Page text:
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Tough dose of state cuts: pharmacies struggle to survive budget slashes

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As with many other facets of the north country’s rural health system, independent pharmacies here are struggling to survive.

Local pharmacists said the latest blow is a SilverScript plan for state retirees that does not pay pharmacies a dispensing fee, which goes as high as $5 per prescription.

“I can’t pay for people with $5,” said Patricia V. Signor, pharmacist and co-owner of Bolton’s Health Mart Pharmacy, 128 W. Main St., Watertown. “It’s a slap in the face.”

At Bolton’s, she said, at least four people handle a prescription: someone who does the intake, another who counts pills, a clerk and a pharmacist.

The retirees’ plan switch from a state-sponsored plan to Medicaid Part D SilverScript took effect Jan. 1. Kim M. and Rosemary L.Demers, owners of Kimro’s Medicine Place, 511 State St., Ogdensburg, recently reached out to their state employee customers to ask local elected officials to give pharmacies a fair reimbursement for services. They also asked state employees to ask state officials to stop mandatory mail order, which the Demerses claim is the state’s overall objective.

“They caught us by surprise,” Mr. Demers said. “With SilverScript, customers no longer pay a dispensing fee. Maintenance medicines for blood pressure, thyroid, cholesterol, et cetera, account for 80 percent of our business. Pharmacies can’t survive with the other 20 percent alone.”

He also questioned alleged cost savings to the state with mail orders, saying the last national prescription drug takeback day’s collection of more than 1 million pounds of drugs was largely through mail orders.

“Where is the savings if the drugs are being thrown away?” he said. “We could do a better job of monitoring prescriptions here so they wouldn’t have to be disposed of.”

Mr. Demers said he has the advantage of knowing who his customers are and what medicines they need.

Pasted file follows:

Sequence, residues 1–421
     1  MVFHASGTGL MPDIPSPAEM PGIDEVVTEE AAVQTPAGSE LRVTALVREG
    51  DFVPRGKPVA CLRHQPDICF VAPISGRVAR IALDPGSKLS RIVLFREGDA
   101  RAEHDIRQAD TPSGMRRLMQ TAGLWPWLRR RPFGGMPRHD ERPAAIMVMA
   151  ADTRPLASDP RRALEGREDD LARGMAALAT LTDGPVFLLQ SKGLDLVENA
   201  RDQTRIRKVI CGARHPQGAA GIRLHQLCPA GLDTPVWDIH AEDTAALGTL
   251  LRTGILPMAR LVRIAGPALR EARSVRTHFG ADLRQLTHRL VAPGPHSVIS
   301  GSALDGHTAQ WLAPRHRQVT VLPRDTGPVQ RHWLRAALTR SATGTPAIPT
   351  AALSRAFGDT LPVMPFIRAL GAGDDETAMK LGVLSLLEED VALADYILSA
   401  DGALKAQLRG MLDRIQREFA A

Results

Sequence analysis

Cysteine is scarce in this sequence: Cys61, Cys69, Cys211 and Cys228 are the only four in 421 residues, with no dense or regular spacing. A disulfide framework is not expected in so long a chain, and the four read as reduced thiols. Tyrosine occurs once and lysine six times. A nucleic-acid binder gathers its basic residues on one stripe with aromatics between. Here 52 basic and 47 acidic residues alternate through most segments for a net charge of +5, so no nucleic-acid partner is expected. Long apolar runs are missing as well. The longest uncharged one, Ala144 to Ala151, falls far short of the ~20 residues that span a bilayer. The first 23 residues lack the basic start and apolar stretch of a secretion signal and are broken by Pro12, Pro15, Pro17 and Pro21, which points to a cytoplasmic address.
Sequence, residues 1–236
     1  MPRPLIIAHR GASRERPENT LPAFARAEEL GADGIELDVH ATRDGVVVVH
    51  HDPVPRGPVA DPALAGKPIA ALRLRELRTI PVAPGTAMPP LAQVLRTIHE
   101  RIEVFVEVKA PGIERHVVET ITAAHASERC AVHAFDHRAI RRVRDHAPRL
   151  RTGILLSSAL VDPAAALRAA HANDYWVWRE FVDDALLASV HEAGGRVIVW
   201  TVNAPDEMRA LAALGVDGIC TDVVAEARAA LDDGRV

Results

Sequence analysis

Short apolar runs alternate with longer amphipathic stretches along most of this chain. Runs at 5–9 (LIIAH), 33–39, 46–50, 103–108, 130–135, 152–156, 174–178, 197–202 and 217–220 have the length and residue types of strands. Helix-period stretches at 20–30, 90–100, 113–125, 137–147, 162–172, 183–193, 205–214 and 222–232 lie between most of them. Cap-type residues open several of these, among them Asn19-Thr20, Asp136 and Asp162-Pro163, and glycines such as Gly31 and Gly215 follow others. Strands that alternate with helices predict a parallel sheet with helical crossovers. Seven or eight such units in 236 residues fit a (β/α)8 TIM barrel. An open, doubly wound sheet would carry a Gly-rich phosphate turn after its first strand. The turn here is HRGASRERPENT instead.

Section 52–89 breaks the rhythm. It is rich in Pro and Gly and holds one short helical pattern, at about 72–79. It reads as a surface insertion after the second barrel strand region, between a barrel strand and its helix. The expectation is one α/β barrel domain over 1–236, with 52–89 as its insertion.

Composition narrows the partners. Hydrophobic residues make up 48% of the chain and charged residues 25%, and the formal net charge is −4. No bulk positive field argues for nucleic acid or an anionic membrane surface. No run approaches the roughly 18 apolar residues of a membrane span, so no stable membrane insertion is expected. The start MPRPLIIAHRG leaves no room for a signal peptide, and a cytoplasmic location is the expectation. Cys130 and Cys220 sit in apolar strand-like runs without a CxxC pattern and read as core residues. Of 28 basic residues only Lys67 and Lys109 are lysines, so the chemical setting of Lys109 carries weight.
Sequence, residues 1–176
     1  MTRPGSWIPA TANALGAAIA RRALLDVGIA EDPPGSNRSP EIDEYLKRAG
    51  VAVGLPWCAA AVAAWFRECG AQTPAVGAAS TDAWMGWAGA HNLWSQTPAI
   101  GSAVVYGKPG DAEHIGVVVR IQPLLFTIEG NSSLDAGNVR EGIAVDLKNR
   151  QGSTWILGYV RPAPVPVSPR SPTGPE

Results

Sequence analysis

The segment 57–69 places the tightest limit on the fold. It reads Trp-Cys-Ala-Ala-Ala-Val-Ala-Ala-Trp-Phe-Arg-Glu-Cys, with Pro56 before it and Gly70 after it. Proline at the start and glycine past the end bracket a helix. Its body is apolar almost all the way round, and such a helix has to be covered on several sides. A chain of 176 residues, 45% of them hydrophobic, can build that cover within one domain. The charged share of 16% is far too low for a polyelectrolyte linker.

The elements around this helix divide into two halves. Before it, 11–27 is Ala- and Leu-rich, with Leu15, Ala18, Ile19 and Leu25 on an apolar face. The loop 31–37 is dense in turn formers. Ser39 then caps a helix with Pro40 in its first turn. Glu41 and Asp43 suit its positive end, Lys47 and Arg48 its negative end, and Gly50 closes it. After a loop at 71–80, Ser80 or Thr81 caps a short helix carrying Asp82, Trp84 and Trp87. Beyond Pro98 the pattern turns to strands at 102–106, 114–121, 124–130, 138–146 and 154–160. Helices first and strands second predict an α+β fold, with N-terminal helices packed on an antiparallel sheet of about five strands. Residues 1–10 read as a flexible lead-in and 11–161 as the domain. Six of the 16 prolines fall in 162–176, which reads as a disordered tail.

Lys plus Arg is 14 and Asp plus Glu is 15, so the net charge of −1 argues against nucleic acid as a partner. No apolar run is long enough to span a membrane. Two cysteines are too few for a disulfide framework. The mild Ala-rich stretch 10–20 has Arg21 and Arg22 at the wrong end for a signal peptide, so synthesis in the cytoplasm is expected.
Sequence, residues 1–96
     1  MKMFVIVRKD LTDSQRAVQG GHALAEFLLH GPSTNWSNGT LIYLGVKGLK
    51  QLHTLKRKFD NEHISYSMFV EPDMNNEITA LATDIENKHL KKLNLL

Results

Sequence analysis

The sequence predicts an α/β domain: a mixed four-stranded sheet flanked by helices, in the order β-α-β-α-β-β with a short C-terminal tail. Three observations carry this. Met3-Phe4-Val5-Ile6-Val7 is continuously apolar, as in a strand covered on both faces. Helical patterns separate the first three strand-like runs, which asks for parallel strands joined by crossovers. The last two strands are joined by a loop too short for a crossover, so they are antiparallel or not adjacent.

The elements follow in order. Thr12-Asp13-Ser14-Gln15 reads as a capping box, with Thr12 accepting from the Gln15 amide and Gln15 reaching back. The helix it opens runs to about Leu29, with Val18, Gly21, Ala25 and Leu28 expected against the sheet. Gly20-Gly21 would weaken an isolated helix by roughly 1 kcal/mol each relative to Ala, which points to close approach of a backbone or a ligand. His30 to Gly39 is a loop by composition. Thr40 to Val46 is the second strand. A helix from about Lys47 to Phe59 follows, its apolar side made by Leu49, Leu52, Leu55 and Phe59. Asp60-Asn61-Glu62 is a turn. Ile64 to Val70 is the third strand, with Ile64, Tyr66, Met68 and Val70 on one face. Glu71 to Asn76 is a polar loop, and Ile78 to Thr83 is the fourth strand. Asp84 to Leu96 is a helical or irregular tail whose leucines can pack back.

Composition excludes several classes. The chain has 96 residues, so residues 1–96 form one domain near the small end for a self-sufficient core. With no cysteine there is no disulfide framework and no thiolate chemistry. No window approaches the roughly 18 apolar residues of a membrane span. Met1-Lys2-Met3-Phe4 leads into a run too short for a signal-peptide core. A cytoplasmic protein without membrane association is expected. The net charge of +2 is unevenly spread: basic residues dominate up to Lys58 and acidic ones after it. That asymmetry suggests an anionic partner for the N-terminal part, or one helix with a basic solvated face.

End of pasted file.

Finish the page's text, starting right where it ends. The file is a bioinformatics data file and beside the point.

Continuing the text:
“If we make a mistake, I can fix it right on the spot,” he said. “At best, the mail order companies can’t remedy the mistake until the next day.”

Kimro’s also has lost about 50 customers a day in the last three years, Mr. Demers said, because of overall changes in Medicare Part D.

The company, which employs eight people, has cut an insurance consultant and laid off a part-time employee as a result of losing those customers. Kimro’s also will cut back on charitable contributions and advertising.

Part-time employees recently had their hours reduced at Adirondack Pharmacy, 4057 Route 3, Star Lake, to help offset the loss the pharmacy experienced because of declining reimbursements. Matthew Scott, who co-owns the pharmacy with his wife, Diane, said reimbursements sometimes barely cover the cost of medication.

“I have a small, front-end store, and I can’t absorb losses like a big chain could,” he said.

Although he said he didn’t know the exact amount, Adirondack Pharmacy also has lost customers.

Meanwhile, Mrs. Signor said independent pharmacies will not survive with continued cutbacks. Although the Pharmacists Society of New York has lobbyists working for improvement of pharmacy-related bills, “we’re just not powerful enough.”

“You’ve got to have money to be powerful, and independent pharmacies don’t have the money,” she said.

Now, Bolton’s is looking at its bottom line. The pharmacy has been in business since 1895, and the Signors have operated it for the past 27 years. The business has grown from just two pharmacists and two pharmacy technicians in the past couple of decades to 30 employees, Mrs. Signor said.

“I don’t know how much longer I can do it,” she said. “I cut myself first; I’ve taken a couple of cuts in pay.”

Bolton’s, which has a second location within the Pediatric Associates building, 18969 Route 11, handles about 10,000 prescriptions monthly. The pharmacy had six pharmacists until one retired recently. Mrs. Signor said the company is contemplating whether another will be hired.

“It hurts,” she said.

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